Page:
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A tax free investment account for your child?

28 September 2016 PPS Investments
Tandisizwe Mahlutshana, Executive of Marketing at PPS Investments

Tandisizwe Mahlutshana, Executive of Marketing at PPS Investments

Since tax free investments accounts were introduced in South Africa there has been huge interest in the offering because of the significant tax benefits offered to investors. In fact some parents or legal guardians are also opting to invest in a TFIA on behalf of a minor child, and use it as a springboard to create wealth for their children or grandchildren over the long term.

As you may be aware, a TFIA is a long-term savings vehicle with significant tax benefits. You may contribute up to a maximum of R30 000 per tax year and R500 000 over your lifetime without paying tax on dividends, on interest income, on withdrawals or on switches. The tax benefits will allow the investment to grow tax free, and all proceeds will be tax free in the hands of the investor. 

While this could be a great addition to your portfolio and can have noteworthy benefits for both you and your family, before you invest in a TFIA for your children there are a few things to remember. 

Investing in your child’s name does not impact your limits, but it will impact theirs.

By having a TFIA in a child’s name, their annual or lifetime limits will be used. In other words, all contributions into this account will form part of their R30 000 a year and R500 000 lifetime cap. If you invest the maximum allowable amount per year in your child’s name, your child would reach their lifetime cap after 16.7 years. 

Withdrawals cannot be replenished

Refraining from unnecessary withdrawals is important because, later in their lifetimes, your children will not be able to replenish amounts that you have withdrawn, and these amounts still impact your child’s maximum contribution limits. But that’s not the only reason to refrain from unnecessary withdrawals. 

By keeping all the funds invested, you give your child a better chance of uninterrupted investment growth. Assuming you invest the maximum allowable amount per year with a return of more than 12% per year on the TFIA (with no withdrawals), the investment could be worth more than three times the capital contribution when your child reaches their lifetime cap in 16.7 years.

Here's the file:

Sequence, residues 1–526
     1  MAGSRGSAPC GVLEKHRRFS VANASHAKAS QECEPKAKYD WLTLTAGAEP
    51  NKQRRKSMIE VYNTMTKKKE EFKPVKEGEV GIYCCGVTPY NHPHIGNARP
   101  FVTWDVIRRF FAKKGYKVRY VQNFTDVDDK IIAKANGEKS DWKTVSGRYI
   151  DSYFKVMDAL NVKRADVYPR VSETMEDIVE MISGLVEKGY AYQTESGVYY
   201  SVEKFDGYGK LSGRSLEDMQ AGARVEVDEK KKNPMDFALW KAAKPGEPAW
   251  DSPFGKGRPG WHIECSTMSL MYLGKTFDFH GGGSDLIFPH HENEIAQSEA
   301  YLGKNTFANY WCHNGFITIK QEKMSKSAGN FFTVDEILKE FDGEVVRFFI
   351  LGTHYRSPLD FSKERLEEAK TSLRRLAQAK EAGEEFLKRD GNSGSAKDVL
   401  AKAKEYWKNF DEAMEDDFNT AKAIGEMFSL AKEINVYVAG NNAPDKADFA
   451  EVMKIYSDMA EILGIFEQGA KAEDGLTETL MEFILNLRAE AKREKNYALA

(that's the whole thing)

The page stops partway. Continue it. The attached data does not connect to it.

Be wary not to exceed contribution limits

You may contribute up to R30 000 per year (R2 500 per month) and R500 000 in total into a TFIA. It is important not to breach these limits as SARS imposes a 40% penalty on over-contributed amounts. For example, if you invest R35 000 it means you have exceeded your child’s annual limit by R5 000. The penalty, which is R2 000 in this case (i.e. 40% of R5 000), must be paid to SARS. It would have been far more beneficial to have invested the extra R5 000 in an investment account instead! 

If you invest for multiple children, you may be liable for donations tax

You may donate up to R100 000 a year to a natural person free of donations tax, so this would cover a R30 000 contribution to a child’s TFIA. However, if you invest for multiple children on their behalf and exceed this R100 000 donations tax cap, this would result in you exceeding your donations tax limit and may be subject to donations tax. A flat rate of 20% donations tax is imposed by SARS when exceeding the threshold. 

Their investment will belong to them

There is no minimum age requirement to invest and since your child may not yet have the capacity to make investment decisions, you are able to make the decision to invest on their behalf. However, even if you are the contributor, you may not transfer the funds into an account other than one held in the name of the minor, or that is part of their deceased estate. 

It always helps to make informed decisions and to make sure that if you do intend to invest in a TFIA you are fully aware of the implications and how to make optimal use of this powerful tool for your children’s future.

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